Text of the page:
A surge in inter-communal attacks in West, South and North Darfur states last month forced more people to flee their homes in three days than in the whole of 2020 in Sudan, and the numbers continue to rise.
Violence erupted between armed militias from the Massalit and Arab communities between 15 and 18 January, triggering about 183,000 new displacements. Most took place in Ag Geneina in West Darfur, but displacement was also recorded in Gereida and East Jebel Marra in South Darfur and Tawila in North Darfur.
Around 60 per cent of those displaced are under 18. Displacement sites are overcrowded and people are reported to be sleeping under trees. Urgent humanitarian assistance in the form of food, drinking water, sanitation and hygiene is required.
“Darfur is on the verge of sliding back into conflict,” warns IDMC’s director, Alexandra Bilak. “The scale of the ongoing violence in West and South Darfur, with reports of attacks by Janjaweed militias, has already set tens of thousands of people on the road. Considering the long history of protracted displacement in Sudan and the few incentives for return, there is little hope that the people fleeing will be going home anytime soon.”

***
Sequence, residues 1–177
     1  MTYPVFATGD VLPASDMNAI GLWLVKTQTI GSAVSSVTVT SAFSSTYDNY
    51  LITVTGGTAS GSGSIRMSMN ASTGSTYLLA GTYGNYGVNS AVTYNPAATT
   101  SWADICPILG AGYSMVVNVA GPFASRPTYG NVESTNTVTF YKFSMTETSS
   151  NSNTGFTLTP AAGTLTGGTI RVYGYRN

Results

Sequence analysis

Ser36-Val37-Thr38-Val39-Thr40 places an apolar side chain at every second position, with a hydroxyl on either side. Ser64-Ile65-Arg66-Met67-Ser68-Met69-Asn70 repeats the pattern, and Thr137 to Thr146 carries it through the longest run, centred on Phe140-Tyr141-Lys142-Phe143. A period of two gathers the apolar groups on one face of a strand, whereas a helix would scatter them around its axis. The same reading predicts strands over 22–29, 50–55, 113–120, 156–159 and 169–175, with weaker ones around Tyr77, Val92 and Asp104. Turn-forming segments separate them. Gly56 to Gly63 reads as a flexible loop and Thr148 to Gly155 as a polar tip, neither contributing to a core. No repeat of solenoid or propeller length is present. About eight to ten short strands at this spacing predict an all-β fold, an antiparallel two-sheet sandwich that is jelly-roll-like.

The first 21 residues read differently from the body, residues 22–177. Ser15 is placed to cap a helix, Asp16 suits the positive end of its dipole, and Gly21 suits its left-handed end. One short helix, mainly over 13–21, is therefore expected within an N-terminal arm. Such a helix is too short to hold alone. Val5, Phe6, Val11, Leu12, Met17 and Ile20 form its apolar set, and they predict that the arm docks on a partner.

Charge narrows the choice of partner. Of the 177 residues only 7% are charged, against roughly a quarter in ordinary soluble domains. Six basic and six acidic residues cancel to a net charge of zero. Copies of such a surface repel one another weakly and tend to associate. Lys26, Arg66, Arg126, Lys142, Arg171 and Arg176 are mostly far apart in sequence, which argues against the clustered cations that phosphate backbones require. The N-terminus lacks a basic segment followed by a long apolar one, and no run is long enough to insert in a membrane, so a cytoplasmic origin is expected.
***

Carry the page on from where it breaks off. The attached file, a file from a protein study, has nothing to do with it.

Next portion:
Displacement has declined in recent years in Sudan, but many of its triggers remain unaddressed. Ethnic disputes between herders and farmers over scarce resources overlap with disasters such as flooding and political instability.
Former rebel leaders were appointed as ministers in a new transitional government this month, but several armed groups did not sign the 2020 agreement and any peace remains fragile.
This latest wave of violence comes shortly after the mandate of the United Nations-African Union Mission in Darfur (UNAMID) ended on 31 December and a new mission called the United Nations Integrated Transition Assistance Mission in Sudan (UNITAMS) was launched.
“This mission and the government now have a major task to work together towards addressing the causes of inter-communal disputes and prevent further escalations of violence and displacement,” says Bilak.
Sudan’s successive conflicts gave rise to one of the world’s largest displacement crises, when the number of internally displaced people (IDPs) peaked in 2005 at 6.1 million, including those displaced in areas that are now part of South Sudan.
Sudan was still home to at least 2.1 million IDPs in early 2020.
This reflects the continued insecurity and the many obstacles displaced people face in their pursuit of durable solutions.